By Wesley Fryer.
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The American "ethic" regarding the treatment of POWs was reflected in the North Vietnamese propaganda efforts during the war aimed at convincing the world that prisoners received "humane and lenient treatment" in North Vietnamese prisons (Risner 85). The American POW ethic extended beyond "humane treatment," however. The ethic was seen in the numerous search and rescue attempts which took place throughout the course of the war. Time after time, the American military demonstrated its willingness to risk the loss of additional men and aircraft for the chance to rescue one or two fellow pilots. When a plane would go down, a C-130 would usually be designated to provide command and control for the rescue effort, F-4s to provide protection from enemy MIG aircraft, A-1E Skyraiders to direct suppressive fire on enemy forces close to the downed pilots, and a "Jolly Green" helicopter to pick up the men (Broughton 161). This commitment to rescue fellow airmen and prevent them from becoming prisoners had a strong, positive effect on the morale of the men who fought the war for the United States in Southeast Asia. They knew their country was committed to bringing them home if they were shot down, and that the U.S. government, in essence, had made an implicit promise to bring them home if they fell into the hands of the enemy. The American ethic regarding POWs, therefore, included not only a recognition of POWs' right to humane treatment, but also included an obligation on the part of the U.S. government to secure the return of American POWs captured in wartime.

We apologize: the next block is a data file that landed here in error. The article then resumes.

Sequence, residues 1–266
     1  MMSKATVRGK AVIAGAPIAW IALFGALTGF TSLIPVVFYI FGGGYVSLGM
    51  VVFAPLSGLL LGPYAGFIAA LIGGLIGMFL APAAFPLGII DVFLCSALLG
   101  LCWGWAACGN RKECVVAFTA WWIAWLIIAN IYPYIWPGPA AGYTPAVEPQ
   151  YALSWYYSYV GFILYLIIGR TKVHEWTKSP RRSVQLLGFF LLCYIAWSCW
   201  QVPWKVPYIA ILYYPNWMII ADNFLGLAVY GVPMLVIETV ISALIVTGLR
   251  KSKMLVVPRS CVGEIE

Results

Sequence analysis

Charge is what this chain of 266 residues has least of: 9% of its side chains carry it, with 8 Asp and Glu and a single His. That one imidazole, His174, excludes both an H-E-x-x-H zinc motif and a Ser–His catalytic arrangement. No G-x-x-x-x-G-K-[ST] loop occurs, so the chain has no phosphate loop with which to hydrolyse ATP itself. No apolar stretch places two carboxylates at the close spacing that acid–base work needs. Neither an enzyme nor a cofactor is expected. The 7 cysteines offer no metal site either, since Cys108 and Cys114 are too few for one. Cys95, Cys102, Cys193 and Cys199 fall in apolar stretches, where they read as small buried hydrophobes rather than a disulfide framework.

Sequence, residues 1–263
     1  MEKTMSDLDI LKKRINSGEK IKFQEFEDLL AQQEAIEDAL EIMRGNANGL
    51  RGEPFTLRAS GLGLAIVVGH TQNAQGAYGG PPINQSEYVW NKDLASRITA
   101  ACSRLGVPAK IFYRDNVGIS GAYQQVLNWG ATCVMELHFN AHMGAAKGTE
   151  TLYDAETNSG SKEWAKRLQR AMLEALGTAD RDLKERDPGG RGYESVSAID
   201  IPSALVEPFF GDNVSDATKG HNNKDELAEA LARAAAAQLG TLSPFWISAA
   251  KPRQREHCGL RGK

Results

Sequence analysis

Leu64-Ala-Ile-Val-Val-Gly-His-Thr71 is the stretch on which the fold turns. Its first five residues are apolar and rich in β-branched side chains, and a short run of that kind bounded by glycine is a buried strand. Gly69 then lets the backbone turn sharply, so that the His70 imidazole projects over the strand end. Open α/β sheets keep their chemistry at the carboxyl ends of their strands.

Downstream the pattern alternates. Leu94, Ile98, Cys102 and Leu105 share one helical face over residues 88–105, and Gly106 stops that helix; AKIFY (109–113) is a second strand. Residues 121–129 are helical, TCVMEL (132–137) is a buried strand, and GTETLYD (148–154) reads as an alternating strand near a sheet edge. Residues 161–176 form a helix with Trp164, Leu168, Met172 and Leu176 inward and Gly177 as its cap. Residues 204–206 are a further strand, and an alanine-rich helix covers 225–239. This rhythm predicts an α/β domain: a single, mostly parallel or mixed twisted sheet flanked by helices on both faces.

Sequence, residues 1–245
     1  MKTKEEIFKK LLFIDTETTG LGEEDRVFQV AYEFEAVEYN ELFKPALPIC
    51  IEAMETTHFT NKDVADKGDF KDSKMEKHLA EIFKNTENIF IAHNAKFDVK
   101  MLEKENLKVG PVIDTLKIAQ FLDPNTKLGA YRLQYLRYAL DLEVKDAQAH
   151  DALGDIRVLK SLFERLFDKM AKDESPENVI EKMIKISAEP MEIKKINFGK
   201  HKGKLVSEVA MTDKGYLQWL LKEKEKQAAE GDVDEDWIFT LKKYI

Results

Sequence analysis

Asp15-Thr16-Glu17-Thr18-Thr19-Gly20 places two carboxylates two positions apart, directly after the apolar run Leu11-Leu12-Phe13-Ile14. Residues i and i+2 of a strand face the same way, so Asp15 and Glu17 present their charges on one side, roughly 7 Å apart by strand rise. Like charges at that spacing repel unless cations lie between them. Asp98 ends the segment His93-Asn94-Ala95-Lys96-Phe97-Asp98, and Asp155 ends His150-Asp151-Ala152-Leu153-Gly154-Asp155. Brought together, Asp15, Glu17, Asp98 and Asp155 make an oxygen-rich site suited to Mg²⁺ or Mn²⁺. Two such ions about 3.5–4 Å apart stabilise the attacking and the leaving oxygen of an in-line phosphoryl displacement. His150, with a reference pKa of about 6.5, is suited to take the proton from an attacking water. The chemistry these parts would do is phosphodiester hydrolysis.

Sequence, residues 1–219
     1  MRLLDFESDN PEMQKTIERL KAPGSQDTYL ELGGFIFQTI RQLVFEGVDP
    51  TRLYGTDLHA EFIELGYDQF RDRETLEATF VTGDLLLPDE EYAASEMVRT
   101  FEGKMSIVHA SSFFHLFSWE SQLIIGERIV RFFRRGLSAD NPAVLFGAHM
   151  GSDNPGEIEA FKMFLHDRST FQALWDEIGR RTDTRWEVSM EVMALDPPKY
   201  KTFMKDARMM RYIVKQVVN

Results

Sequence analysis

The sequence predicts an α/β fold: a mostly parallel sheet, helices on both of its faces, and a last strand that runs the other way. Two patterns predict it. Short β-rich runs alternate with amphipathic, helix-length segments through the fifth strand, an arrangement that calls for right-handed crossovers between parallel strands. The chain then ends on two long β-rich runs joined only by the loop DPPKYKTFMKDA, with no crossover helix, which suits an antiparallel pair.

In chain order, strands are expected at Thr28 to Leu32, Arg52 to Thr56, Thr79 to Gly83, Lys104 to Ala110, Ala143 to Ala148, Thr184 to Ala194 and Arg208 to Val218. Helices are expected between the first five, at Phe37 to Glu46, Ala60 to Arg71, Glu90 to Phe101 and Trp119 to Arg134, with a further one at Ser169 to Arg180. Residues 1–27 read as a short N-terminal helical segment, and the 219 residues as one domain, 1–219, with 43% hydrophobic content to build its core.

The strongest display of this American ethic regarding POWs during the Indochina conflict took place on November 21, 1970. The Son Tay raid attempted to rescue American POWs being held at a camp twenty miles from Hanoi, and although not successful in rescuing prisoners, the raid still sent a clear message to the North Vietnamese. The Son Tay raid told the Southeast Asian enemies of the United States that not only were American POWs not forgotten, but also that these men were extremely valuable to the U.S. government (Hubbell 536). After the raid on Son Tay, the American POW ethic was clear. American POWs were not the easily expandable instruments of policy, but rather, were regarded as valuable human beings who not only had the right to live but also the right to return home. The United States wanted to secure the return of its POWs for this idealistic reason, because of the effect this commitment had on the armed forces as a whole, and because pragmatically these men could return to "fight another day." Like the plot in Robert Heinlein's novel Starship Troopers, the American POW ethic evolved historically to state that "the war is not over till all the men are back."
Section 4: A Breach of Trust: POWs are left behind
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